Cabin Air Filter is Dirty
The cabin filter (microfilter or pollen filter), is an important part of the air conditioning system in a Chevy Traverse. When a filter gets dirty, the interior airflow in your Chevy Traverse will become less efficient, causing you to need to lower the cooling or heating systems or move less air. It puts a strain of unneeded energy on your AC system, which inevitably increases your cost of fuel.
How to Fix
Start by checking the cabin air filter in your Chevrolet Traverse. It is often more efficient to first clean the cabin air filter before you change the filter itself. You can do this by using a vacuum cleaner or a system that uses a lot of air to blow the dust away. This will allow you to get into the inner layers of the pollen filter and completely clean it. If the performance of filters does not improve much after the cleaning, then you need to change them.
Evaporator is Dirty
Dirt-filled evaporators are sometimes the reason you find that you have no air conditioning in the cabin of a Chevy Traverse. Cabin filters catch most dirt and other air particles that are blown in from the outside, but some particles get away and fall onto the evaporator fins. Over the years, dust can collect on the fins of the evaporator and cause poor cooling. The most obvious signs that you have a clogged evaporator in your Chevrolet Traverse are:
- The vent airflow is choppy and not very consistent.
- The interior of your car has started to have a bad mould smell.
How to Fix
It is not easy to clean the evaporators on a car like a Traverse. In many cases, you will need to remove the whole dashboard to reach the evaporator. This requires you to go to a workshop to do this. A leak of refrigerating fluid in the evaporator can also cause the evaporator to fail. In that case, you need to replace the evaporator.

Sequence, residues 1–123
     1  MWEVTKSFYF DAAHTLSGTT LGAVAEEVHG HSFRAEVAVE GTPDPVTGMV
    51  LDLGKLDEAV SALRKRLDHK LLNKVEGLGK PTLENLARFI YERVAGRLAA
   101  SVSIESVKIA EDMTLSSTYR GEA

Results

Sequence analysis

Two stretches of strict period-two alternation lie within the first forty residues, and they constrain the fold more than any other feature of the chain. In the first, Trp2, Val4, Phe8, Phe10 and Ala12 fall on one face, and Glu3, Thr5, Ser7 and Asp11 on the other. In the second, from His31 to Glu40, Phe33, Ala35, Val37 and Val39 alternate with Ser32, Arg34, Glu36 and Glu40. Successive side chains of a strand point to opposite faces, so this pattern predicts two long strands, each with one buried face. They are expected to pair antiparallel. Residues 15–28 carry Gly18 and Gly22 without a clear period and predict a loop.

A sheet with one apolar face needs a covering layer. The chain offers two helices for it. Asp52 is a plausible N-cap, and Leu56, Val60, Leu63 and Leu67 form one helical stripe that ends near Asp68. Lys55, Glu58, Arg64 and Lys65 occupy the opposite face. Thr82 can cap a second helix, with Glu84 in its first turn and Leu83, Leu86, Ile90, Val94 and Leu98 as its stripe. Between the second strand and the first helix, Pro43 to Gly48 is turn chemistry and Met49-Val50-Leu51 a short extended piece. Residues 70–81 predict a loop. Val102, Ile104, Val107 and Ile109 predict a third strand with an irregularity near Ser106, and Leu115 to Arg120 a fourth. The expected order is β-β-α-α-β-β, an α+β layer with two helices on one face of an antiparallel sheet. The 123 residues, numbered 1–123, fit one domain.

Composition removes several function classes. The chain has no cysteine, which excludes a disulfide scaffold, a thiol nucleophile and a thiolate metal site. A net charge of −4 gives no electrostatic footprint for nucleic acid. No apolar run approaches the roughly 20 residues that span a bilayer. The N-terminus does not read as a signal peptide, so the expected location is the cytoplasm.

Insufficiency in refrigerant can lead to a completely malfunctioning AC system. It is also typical that the system will lose up to 50% of its refrigerant every year. If you do not properly service the AC on your Chevrolet Traverse, the refrigerants in the unit will start to lose their cooling capacity. When the coolant level in your system goes down quickly, you are driving a very hot car. If there is a sudden drop in the refrigerants, it is likely that there is a leak.
Failure of a component or two may cause the refrigerant’s gas to escape from a Chevrolet Traverse. Most commonly, a faulty seal ring, squeaky lines that are rusted or a condenser that has been severely affected by a stone chip are the causes of this.
How to Fix
Sometimes it is very difficult to find leaks that are very small. In a workshop, they mix a chemical called nitrogen with a bit of hydrogen to form a gas. Large leaks can be easily detected by using a spray leak detector. Once a leak is found, it must be resolved again by either removing or repairing the defective component, or by putting a new one in place.